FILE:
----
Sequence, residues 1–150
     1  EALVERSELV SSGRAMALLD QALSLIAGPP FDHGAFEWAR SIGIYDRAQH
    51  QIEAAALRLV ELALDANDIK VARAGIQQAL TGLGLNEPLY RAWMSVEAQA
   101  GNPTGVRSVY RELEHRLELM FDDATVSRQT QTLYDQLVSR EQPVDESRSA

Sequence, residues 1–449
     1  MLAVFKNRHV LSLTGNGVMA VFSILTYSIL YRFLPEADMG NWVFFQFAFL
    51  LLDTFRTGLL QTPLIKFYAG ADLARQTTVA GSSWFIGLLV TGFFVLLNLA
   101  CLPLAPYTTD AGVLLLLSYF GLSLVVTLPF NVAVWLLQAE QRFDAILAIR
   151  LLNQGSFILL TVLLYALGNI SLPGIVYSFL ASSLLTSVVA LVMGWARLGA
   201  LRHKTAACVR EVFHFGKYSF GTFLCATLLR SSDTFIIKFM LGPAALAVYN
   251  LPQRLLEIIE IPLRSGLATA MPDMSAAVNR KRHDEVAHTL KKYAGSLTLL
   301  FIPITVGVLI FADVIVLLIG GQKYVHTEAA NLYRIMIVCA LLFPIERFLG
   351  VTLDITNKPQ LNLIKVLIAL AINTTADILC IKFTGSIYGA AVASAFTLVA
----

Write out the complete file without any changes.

Sequence, residues 1–150
     1  EALVERSELV SSGRAMALLD QALSLIAGPP FDHGAFEWAR SIGIYDRAQH
    51  QIEAAALRLV ELALDANDIK VARAGIQQAL TGLGLNEPLY RAWMSVEAQA
   101  GNPTGVRSVY RELEHRLELM FDDATVSRQT QTLYDQLVSR EQPVDESRSA

Sequence, residues 1–449
     1  MLAVFKNRHV LSLTGNGVMA VFSILTYSIL YRFLPEADMG NWVFFQFAFL
    51  LLDTFRTGLL QTPLIKFYAG ADLARQTTVA GSSWFIGLLV TGFFVLLNLA
   101  CLPLAPYTTD AGVLLLLSYF GLSLVVTLPF NVAVWLLQAE QRFDAILAIR
   151  LLNQGSFILL TVLLYALGNI SLPGIVYSFL ASSLLTSVVA LVMGWARLGA
   201  LRHKTAACVR EVFHFGKYSF GTFLCATLLR SSDTFIIKFM LGPAALAVYN
   251  LPQRLLEIIE IPLRSGLATA MPDMSAAVNR KRHDEVAHTL KKYAGSLTLL
   301  FIPITVGVLI FADVIVLLIG GQKYVHTEAA NLYRIMIVCA LLFPIERFLG
   351  VTLDITNKPQ LNLIKVLIAL AINTTADILC IKFTGSIYGA AVASAFTLVA